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When Jane Thuo, 49, joined a local choir to help raise funds for cancer patients in 2011, she never imagined she would one day be listed for the very support years later. Her aunt had just succumbed to breast cancer and she was eager to do whatever it took to support cancer patients.
In 2016, Thuo discovered a lump in her left breast, but chose to ignore it. She didn’t want to go for testing because she feared being diagnosed with cancer. She later yielded to her sister’s pressure to see a doctor.
The first diagnosis at a Nairobi hospital gave her a clean bill of health, but a second opinion revealed the three-centimetre lump was indeed a stage 2 cancer.
“It felt like a death sentence,” said Thuo, a Nairobi-based fashion designer. She says had it not been for the support from her daughter Samantha, the rest of her family and a choir that had always held her hand, she would have lost the battle long time ago.
Last week, Thuo was among Nairobi residents who thronged a city hotel to listen to experts demystify breast cancer.
The forum, which featured top medical and lifestyle experts, addressed basic lifestyle issues that can cause cancer. The experts demystified theories that associate cancer prevalence to certain types of foods.
“There is no one food associated with cancer... the troublesome element is ethanol,” said Dr David Makumi, a Nairobi-based oncologist.
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The experts defined a balanced diet as a healthy meal comprising various kinds of fruits, eaten in moderation in as close to their natural form as possible. They cautioned against eating processed meals, which they said were laden with health endangering chemicals. They asked the public to see a doctor as soon as they experienced abnormal changes in their bodies.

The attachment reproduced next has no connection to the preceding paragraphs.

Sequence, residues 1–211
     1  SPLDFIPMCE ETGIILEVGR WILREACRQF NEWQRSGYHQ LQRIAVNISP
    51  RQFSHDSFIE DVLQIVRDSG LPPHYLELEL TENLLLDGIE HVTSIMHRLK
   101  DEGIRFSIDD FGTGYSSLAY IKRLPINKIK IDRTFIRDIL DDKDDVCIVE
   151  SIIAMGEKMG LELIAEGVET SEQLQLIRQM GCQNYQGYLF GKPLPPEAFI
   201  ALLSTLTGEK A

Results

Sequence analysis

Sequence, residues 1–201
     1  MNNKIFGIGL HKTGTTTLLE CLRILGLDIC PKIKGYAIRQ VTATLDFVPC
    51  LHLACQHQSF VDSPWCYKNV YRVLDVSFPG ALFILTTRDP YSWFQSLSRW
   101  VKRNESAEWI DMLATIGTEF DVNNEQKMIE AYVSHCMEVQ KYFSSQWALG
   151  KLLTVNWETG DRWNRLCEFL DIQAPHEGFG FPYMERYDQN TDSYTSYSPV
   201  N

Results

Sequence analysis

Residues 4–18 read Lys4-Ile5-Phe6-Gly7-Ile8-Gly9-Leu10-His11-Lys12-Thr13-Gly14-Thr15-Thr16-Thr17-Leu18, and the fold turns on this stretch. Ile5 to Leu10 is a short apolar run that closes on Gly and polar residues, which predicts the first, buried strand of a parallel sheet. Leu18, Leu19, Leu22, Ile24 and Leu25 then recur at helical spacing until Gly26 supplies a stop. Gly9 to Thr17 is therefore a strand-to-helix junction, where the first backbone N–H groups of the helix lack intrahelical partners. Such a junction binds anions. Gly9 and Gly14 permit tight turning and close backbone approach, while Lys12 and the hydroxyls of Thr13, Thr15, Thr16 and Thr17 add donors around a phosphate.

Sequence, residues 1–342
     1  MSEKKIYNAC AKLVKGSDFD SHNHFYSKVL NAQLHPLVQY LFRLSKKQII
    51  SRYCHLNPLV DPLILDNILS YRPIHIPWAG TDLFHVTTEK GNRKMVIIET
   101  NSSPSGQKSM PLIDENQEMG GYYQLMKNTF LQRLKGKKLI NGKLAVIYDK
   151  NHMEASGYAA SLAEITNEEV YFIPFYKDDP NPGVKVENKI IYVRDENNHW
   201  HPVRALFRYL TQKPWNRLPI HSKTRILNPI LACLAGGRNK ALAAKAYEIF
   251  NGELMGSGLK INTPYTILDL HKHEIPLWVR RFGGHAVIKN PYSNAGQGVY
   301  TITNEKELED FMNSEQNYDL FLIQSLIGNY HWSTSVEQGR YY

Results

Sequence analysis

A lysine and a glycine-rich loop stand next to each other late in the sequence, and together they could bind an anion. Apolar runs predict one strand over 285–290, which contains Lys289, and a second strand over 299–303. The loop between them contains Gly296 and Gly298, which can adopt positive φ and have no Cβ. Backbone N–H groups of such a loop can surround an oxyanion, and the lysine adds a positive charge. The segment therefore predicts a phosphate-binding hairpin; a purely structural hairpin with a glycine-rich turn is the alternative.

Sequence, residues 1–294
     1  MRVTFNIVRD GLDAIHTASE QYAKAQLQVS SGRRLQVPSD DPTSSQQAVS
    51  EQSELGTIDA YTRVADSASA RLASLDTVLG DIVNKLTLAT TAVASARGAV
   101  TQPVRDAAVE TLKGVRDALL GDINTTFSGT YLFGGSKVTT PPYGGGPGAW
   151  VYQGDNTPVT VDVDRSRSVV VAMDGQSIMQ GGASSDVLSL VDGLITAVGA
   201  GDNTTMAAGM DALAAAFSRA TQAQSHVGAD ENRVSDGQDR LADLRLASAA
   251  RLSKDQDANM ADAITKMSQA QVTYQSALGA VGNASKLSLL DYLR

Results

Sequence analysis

According to Doris Mayoli, a cancer survivor who attended the forum, many cancer cases are discovered when it is too late for treatment, a situation she attributed to ignorance among cancer patients.
“The biggest challenge is ignorance. You just don’t think something like that can happen to you and so you don’t go for testing. Or you discover a lump in your body and you just ignore it,” said Mayoli.
Thuo said she first developed lumps at 17 and later at 20. Each time, the lumps were removed through surgeries.
The World Health Organisation reports that breast cancer is the top-most cancer in women both in the developed and the developing world.
In Kenya, treatment is limited to four of radiation centres at the Kenyatta National Hospital, MP Shah Hospital, the Nairobi Hospital and at the Aga Khan.
Among signs and symptoms that medics at the forum advised to look out for were thickening or lump in the breast or other parts of the body, unexplained weight loss, prolonged pain and fever, and skin changes and sores that do not heal. Women were also urged to raise alarm over unusual vaginal bleeding or discharge as this, though remote, was associated with presence of cancer cells.
Dr Miriam Mutebi, a surgical oncologist and faculty member at the Aga Khan University Hospital, said only 10 per cent of breast cancers are genetic. She said 90 per cent of breast cancer are sporadic - those you can’t associate with a specific cause and are definitely not genetic.
Thuo underwent a surgery, eight sessions of chemotherapy and 30 sessions of radiotherapy at the Nairobi Hospital. She lost her hair, her toe nails fell off and her immunity was at an all-time low. Due to the low immunity, she would sometimes be quarantined in her house, a time she says she found strength in prayer.
“Seeing heroes who had beaten cancer and the strength I got from prayer pushed me through the journey,” said Thuo. She has now recovered and her hair and toenails have since re-grown. She has since resumed her fashion design job at a shop she recently opened on River Road, Nairobi, with a staff of two.
“Cancer is not a death sentence. Purpose in your mind that you want to live and your body will follow suit,” she says behind a sewing machine.